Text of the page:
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The summer music festival economy, explained

Fans at Lollapalooza press themselves against the front barrier
Fans at Lollapalooza press themselves against the front barrier
Theo Wargo/Getty

This weekend, thousands of flower-crowned, shorts-wearing music fans will flock to California's desert to watch some of the best bands in the world play.

Coachella, which costs roughly $400 minimum to attend, is one of the biggest summer music festivals in the nation. With its two weekends and celebrity-packed grounds, it'll kick off the summer music festival season with a bang. It will also make a huge chunk of money for the music industry.

Throughout the summer, the same bands (mostly) will tour around the country, performing at festivals that resemble Coachella in almost every way — but cater to each crowd differently:

Bonnaroo (June 11–14 in Manchester, Tennessee) has a 40-foot waterslide this year. Lollapalooza (July 31–August 2 in Chicago) has a kid-friendly area, and Coachella has a dozen VIP-only areas. But music festivals haven't always been such a huge ordeal.

What is a music festival?

A music festival is a giant outdoor concert where people listen to dozens of bands in rapid succession, usually while drinking, on an annual basis. The earliest festival is Coachella, which takes place in April; festival season runs into the fall. Sometimes the festivals are based on genres, or only feature local artists. But most of the giant money-makers feature every artist from Drake to Nine Inch Nails.

newport jazz

Dionne Warwick performs at the Newport Jazz Festival in 1968. (New York Daily News Archive/Getty)

When did music festivals start?

For decades, music festivals were stoned, nudist, and often dangerous affairs. Though many music festivals existed throughout the 1950s and earlier, the first music festival as we know it today (three days, outside, on fairgrounds with huge names) was the Monterey International Pop and Fantasy Fair in 1967. After that came the Newport Pop Festival in 1968 followed by Newport Jazz, which in 1969 fused together not only jazz but soul and rock. On the verge of the 1970s, Woodstock and Altamont came on the scene. Much of the nostalgia, fashion, and atmosphere that dominates music festivals today stems from those early events.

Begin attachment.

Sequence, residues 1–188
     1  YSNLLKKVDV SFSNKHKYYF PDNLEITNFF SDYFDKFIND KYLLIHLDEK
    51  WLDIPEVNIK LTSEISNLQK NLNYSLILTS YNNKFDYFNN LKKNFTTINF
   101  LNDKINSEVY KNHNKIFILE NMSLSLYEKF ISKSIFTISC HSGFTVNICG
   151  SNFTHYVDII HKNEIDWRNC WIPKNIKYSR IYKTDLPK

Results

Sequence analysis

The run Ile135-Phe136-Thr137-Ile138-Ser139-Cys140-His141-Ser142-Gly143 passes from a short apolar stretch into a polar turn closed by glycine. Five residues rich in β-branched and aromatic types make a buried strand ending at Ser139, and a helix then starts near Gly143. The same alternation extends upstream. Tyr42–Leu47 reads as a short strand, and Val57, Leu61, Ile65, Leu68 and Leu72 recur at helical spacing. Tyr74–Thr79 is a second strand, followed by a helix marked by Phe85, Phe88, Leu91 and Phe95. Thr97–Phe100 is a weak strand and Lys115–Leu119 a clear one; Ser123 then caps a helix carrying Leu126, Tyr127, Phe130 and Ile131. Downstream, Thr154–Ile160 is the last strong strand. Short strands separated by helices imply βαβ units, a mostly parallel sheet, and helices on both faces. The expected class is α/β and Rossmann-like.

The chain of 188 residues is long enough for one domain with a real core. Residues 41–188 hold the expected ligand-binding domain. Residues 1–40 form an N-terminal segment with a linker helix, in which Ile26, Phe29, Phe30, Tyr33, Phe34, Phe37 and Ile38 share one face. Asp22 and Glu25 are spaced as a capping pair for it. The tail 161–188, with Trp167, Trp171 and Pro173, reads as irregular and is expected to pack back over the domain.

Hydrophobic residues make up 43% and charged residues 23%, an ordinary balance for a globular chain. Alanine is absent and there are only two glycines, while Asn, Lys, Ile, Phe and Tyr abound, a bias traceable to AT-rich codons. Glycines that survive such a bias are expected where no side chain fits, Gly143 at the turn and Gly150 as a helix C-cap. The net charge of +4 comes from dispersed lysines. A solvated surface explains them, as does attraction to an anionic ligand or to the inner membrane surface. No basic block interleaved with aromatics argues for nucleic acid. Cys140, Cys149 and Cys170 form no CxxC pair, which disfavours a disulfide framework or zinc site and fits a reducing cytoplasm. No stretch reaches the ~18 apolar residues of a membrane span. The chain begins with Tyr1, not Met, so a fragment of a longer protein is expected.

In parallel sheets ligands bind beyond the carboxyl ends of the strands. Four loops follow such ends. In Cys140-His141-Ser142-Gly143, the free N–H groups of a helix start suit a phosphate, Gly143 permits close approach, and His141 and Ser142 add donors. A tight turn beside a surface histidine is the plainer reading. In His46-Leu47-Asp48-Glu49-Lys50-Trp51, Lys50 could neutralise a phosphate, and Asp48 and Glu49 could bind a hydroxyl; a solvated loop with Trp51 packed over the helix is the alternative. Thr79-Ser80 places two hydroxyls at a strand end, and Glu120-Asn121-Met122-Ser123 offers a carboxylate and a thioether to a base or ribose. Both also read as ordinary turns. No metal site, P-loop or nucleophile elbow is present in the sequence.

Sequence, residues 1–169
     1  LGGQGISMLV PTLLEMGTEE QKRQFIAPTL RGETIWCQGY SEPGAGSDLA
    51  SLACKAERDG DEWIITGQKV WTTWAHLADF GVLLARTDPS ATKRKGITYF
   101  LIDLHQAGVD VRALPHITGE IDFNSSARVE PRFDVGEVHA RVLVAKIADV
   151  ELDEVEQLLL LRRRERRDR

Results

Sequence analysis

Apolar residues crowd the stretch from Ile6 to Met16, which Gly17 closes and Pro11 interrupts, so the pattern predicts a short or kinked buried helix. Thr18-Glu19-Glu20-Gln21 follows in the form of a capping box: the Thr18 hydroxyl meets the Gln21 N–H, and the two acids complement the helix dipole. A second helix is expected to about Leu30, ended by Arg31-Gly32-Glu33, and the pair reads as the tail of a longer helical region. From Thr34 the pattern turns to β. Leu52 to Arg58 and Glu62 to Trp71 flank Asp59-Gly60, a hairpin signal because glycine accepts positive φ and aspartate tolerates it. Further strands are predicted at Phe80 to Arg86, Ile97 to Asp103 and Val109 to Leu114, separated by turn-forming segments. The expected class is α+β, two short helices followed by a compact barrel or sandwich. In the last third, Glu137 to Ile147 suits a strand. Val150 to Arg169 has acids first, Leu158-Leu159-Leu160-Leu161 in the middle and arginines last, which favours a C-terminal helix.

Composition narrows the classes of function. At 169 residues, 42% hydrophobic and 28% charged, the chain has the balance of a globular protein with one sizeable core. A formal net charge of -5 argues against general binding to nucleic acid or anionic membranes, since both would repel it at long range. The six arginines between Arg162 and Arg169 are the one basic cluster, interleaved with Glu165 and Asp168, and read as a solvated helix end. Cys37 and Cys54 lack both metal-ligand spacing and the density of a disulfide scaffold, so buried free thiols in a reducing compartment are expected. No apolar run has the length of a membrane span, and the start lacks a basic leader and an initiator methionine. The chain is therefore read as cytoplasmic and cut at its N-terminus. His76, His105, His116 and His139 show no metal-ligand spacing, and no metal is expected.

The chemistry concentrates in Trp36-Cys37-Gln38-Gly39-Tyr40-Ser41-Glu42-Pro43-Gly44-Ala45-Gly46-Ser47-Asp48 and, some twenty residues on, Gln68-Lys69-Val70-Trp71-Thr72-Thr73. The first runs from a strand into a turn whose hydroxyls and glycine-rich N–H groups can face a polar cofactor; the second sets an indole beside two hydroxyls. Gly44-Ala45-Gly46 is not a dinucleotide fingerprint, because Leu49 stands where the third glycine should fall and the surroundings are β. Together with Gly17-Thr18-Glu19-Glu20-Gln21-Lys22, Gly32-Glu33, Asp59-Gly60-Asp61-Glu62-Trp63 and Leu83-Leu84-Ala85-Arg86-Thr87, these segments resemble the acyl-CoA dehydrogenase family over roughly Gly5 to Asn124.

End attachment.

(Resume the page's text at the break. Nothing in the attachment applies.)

"In the ’70s and ’80s, festivals were the realm of pirates and crazy people, but as time went on in the late ’90s and 2000s the rest of the corporate world has caught up and now it’s just business," Jon Stone, executive director of One Reel, the producer of Bumbershoot in Seattle, told Fortune.

For most of the '80s and '90s, music festivals remained passé, and were places that attracted mostly druggies and hippies.

Performing for a large group of fans is a more lucrative way to tour, and until festivals became such a staple, that's exactly what big American bands did —they toured the country and performed in amphitheaters. Festivals couldn't offer them any of the cash output or fan base to be worth their time. "When we first did Bonnaroo, the conventional wisdom was that this was not a good idea. We were met with some combination of horror, amusement and disbelief," Ashley Capps, a cofounder of Bonnaroo, told Wondering Sound.

But in the early 2000s, that changed.

For the first time in history, people had access to infinite music all the time. Suddenly they didn't have five bands they wanted to see live—they had 50, and music festivals could fill that desire by putting 70 bands together in one weekend.


2014 Coachella Valley Music And Arts Festival, weekend two, day three. (Chelsea Lauren/Getty)

What are the biggest music festivals?

The music festival season gets its first preview in March with the industry's biggest professional event, South by Southwest. But SXSW is its own animal, and has expanded to include tech and film. The real start of the summer music festival season is this weekend with Coachella, can cost almost $1,000 for VIP. Many of those VIPs, since the festival is near LA, are some of Hollywood's best partiers. The Kardashians always make an appearance, and there are many young, fun celebrities in attendance.

After Coachella, there's Washington state's Sasquatch in late May. In June, New York hosts the Governor's Ball and Tennessee holds Bonnaroo. In July, Chicago starts Lollapalooza. In August, it's San Fransisco's Outside Lands. By the time Austin hosts Austin City Limits in October, the season is winding down. And that's just a few of the heavy hitters. In recent years, music festivals have popped up everywhere. Gulf Shores, Alabama, created a festival where bands perform on a stage in the water and fans can float in inner tubes to listen to their favorite bands. Live Nation alone puts on almost 20 music festivals a year, and there are more than 100 prominent festivals happening in 2015. North America has more 800 festivals in total.